5. The First Successful Serialised Post

My Life in the Company of Buses: Dukinfield and Bus Deregulation

October 2011 saw the 25th anniversary of deregulated bus services outside Greater London and Northern Ireland. As a result, East of the M60’s first serialised post had a staggering 26 parts. It was partly a memoir and a history of Dukinfield’s bus network from 1986 to 2011. Each post looked at the impact the changes had on yours truly, and his home town.

The success of this series led to the spin-off, 2011, In the Company of Buses. Prefixed with subsequent years, it became East of the M60’s Review of the Year. Viewing figures for East of the M60 started soaring towards the 200 to 300 daily readers we see today. October 2011 was a record-breaking month for the blog with 52 entries posted – almost two a day. Serialised posts became a feature of other EM60 features, like Down Our Street, The Ashton Review of Shops, and the series of reviews for concerts at Boarshurst Band Club.

6. The First Successful Cash-In Post

UK Television Talent Shows Through The Ages: The Not Perfect Ten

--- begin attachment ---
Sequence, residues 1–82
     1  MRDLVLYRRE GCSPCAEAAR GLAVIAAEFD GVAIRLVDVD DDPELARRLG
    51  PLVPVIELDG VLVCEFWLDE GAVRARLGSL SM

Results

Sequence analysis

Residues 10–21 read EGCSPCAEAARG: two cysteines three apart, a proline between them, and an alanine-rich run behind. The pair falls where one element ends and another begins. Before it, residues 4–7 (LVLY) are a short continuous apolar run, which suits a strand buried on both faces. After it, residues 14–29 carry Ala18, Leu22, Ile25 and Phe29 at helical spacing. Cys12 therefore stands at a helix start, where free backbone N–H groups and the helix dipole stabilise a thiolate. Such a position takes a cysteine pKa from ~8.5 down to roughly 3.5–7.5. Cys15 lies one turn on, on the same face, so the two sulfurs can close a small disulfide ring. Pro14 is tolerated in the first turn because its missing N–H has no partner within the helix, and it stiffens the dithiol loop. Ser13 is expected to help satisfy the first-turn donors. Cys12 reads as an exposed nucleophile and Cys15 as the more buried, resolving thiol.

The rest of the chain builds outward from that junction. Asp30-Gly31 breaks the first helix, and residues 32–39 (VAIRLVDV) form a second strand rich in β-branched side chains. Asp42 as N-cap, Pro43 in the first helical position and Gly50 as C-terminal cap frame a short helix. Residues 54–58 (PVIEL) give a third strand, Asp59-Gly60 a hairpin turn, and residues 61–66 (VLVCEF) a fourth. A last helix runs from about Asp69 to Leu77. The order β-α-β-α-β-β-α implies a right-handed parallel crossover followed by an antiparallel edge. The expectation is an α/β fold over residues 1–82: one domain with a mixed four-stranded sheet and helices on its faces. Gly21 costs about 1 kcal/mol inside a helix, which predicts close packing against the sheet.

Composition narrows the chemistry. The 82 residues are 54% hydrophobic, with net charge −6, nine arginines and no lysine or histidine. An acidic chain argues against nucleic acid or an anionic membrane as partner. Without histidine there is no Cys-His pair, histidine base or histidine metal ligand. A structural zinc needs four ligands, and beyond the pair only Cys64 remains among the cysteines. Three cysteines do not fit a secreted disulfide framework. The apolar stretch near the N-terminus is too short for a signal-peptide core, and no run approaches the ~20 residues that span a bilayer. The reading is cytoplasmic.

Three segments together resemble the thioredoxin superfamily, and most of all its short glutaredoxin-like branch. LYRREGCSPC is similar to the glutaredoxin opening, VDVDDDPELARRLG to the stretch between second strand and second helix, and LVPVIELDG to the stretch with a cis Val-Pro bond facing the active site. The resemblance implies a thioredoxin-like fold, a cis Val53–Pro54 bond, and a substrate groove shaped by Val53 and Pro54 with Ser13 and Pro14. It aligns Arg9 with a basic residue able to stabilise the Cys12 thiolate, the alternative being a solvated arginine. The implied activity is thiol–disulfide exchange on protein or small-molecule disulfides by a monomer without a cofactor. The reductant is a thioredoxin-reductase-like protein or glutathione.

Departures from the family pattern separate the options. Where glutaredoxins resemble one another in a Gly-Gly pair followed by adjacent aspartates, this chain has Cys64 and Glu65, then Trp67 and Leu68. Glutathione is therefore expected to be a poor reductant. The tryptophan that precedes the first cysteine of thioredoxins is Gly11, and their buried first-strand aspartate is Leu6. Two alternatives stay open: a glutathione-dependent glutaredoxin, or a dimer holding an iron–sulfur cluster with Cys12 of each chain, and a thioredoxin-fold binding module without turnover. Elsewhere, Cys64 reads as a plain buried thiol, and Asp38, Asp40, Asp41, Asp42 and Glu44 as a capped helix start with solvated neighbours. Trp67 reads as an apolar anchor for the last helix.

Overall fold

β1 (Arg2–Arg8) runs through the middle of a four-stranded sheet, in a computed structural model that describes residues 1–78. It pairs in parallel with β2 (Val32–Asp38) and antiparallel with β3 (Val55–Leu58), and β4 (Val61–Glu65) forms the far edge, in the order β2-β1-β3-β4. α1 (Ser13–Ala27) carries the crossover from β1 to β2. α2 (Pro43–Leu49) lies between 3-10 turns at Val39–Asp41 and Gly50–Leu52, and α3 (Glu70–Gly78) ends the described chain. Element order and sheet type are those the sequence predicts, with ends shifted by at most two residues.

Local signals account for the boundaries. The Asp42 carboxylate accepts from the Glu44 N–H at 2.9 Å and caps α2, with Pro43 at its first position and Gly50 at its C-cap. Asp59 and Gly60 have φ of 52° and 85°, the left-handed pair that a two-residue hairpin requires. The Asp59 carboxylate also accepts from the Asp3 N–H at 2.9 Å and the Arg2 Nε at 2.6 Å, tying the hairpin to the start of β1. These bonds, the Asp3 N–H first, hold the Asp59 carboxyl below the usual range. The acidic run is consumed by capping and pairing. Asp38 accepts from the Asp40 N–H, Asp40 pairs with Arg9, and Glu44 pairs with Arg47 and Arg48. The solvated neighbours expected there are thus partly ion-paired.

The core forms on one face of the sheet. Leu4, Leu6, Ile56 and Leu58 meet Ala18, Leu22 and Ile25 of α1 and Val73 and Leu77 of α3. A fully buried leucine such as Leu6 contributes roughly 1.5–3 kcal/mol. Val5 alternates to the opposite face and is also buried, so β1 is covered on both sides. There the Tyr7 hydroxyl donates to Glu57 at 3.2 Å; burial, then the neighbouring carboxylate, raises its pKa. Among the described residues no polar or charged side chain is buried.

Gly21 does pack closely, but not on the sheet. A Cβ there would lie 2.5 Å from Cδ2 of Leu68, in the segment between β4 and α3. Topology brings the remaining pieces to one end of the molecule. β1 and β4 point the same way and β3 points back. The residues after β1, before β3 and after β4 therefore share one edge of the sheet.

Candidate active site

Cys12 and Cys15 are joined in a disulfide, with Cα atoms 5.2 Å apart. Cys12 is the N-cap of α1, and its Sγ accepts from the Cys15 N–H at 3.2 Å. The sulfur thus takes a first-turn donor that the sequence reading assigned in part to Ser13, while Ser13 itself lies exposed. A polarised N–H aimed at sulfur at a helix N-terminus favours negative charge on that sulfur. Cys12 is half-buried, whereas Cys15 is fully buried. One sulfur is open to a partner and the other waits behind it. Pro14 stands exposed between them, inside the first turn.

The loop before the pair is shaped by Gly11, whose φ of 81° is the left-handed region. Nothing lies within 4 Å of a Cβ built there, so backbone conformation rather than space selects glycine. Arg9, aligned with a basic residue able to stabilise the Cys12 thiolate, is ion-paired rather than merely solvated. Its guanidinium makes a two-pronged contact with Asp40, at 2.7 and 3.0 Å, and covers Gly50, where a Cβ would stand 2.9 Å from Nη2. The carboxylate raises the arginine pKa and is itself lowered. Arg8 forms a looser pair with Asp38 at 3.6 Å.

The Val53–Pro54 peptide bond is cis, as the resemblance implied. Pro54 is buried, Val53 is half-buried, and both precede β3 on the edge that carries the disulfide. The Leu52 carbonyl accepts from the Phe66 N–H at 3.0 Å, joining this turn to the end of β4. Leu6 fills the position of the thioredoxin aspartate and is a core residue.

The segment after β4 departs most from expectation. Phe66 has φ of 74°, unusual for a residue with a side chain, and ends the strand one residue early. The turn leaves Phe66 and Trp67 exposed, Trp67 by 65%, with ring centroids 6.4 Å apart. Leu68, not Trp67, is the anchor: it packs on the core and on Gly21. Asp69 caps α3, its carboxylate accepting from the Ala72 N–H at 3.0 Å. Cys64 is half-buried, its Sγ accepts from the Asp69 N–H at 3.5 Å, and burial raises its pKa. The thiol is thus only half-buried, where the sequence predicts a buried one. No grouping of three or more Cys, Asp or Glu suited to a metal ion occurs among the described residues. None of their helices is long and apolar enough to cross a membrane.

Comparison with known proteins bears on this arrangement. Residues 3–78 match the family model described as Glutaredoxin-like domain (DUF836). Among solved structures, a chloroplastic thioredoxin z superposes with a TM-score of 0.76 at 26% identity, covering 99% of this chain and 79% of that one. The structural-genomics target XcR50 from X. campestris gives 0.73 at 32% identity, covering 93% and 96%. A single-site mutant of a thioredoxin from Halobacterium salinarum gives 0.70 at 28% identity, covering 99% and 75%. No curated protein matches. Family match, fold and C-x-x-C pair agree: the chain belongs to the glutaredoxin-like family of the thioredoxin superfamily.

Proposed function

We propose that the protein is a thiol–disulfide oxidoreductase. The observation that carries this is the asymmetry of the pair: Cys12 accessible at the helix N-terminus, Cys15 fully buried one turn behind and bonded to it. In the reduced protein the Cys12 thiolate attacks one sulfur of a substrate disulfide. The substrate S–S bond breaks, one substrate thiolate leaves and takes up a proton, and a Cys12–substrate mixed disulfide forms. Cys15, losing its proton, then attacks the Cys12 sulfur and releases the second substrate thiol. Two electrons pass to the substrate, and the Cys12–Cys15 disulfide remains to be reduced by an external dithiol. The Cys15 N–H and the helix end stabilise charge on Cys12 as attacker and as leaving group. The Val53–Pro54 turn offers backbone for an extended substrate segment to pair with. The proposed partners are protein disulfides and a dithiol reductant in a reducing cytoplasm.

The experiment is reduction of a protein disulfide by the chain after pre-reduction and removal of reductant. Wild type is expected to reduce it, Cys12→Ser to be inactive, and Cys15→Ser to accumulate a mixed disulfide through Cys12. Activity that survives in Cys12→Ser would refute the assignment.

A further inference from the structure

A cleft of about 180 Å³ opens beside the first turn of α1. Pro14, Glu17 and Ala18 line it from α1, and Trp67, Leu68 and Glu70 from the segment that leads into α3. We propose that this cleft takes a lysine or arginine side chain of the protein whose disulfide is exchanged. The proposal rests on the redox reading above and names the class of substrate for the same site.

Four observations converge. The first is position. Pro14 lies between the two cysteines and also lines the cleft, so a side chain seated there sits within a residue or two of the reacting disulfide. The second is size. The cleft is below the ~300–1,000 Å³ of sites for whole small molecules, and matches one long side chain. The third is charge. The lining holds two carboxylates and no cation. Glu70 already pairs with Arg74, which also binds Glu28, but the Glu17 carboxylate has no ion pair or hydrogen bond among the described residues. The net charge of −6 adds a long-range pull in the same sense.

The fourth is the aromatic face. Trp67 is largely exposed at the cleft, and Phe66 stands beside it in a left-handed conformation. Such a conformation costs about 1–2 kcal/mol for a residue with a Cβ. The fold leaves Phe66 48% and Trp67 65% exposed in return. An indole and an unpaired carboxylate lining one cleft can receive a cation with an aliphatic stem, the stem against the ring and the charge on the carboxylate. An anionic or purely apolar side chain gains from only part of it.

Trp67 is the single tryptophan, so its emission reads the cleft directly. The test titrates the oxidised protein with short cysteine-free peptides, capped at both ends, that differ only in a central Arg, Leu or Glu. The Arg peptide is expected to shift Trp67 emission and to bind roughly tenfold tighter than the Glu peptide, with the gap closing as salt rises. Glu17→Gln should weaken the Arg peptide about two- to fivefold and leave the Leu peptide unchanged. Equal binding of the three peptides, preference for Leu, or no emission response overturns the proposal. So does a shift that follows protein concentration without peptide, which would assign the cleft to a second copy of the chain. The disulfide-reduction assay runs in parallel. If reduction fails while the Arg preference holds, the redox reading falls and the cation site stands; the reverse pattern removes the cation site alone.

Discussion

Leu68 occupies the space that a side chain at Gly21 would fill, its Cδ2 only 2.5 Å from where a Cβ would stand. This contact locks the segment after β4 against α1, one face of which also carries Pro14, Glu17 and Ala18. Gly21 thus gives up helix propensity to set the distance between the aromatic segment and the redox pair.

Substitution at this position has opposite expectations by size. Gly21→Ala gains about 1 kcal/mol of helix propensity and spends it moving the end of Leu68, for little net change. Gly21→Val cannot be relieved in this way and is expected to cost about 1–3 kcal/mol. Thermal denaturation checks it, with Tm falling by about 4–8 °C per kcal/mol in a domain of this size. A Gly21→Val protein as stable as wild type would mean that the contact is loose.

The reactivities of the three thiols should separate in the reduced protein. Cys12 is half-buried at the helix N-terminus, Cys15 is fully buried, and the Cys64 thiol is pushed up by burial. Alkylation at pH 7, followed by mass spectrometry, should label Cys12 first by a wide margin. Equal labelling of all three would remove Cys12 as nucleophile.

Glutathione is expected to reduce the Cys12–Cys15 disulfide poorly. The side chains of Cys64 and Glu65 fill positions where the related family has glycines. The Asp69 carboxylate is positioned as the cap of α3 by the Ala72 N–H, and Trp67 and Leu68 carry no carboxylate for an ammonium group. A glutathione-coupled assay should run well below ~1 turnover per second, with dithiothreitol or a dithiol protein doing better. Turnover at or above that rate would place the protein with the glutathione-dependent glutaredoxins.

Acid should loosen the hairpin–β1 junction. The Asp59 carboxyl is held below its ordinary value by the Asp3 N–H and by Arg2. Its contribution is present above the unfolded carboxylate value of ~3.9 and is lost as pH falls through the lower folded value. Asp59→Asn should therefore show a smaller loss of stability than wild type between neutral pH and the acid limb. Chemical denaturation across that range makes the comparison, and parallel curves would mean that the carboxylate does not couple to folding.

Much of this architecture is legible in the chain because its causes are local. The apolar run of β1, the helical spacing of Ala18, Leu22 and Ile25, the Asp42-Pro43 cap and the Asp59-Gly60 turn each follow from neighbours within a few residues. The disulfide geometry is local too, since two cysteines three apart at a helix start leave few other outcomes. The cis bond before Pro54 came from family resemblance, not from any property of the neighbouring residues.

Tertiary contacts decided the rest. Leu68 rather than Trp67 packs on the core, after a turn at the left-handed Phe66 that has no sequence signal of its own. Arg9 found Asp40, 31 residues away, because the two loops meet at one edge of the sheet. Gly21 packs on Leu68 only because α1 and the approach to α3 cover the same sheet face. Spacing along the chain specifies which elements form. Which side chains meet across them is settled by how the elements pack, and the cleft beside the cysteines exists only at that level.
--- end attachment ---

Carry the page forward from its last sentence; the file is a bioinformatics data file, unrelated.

July 2010 saw the creation of what remains one of the most viewed articles on East of the M60. Well and truly knocking the IKEA post off its perch. The timing of this post neatly coincided with the start of 2010’s instalment of The X Factor. Viewing figures for this article peak at around the time when any of Cowell’s talent shows start airing. To some extent, this has coincided with other programmes like The Voice or retrospective features on the older talent shows. At this time of writing, it has been read by 23,990 people.

7. How Old Shops Equal Stellar Viewing Figures

The Lost Precinct: An A to Z of Defunct Retailers

With shop closures pretty much in the news in 2012 (and of now with BHS’ departure from the High Street), this A to Z triggered a few memories among our readers. In the last half decade, East of the M60’s historical posts have dominated the blog’s readership stats. This A to Z also led to a spin-off Advent Calendar (in 2015), and contributed to the highly success Retail Comings and Goings in Tameside posts, otherwise known as The Ashton Review of Shops.

8. The First Scoop

JPT RIP: Family Firm Acquired by Stagecoach Manchester

In April 2014, we said goodbye to JPT Travel, the Middleton-based bus operator. East of the M60 was among the first sources to break the story. It was on the blog before the Manchester Evening News got the story. On publication, over 2,200 people saw the post which was an all-time record for the blog.

At the time, East of the M60 was averaging 370 daily readers and things went well for the blog. Then, shortly after the follow-up post was published, the hard drive on his PC conked out. This led to East of the M60 running a skeleton service almost a month.

9. How This Blog Spawned a Friendship

On Reflection: The Definitive Collection of Visual Works by John Tribe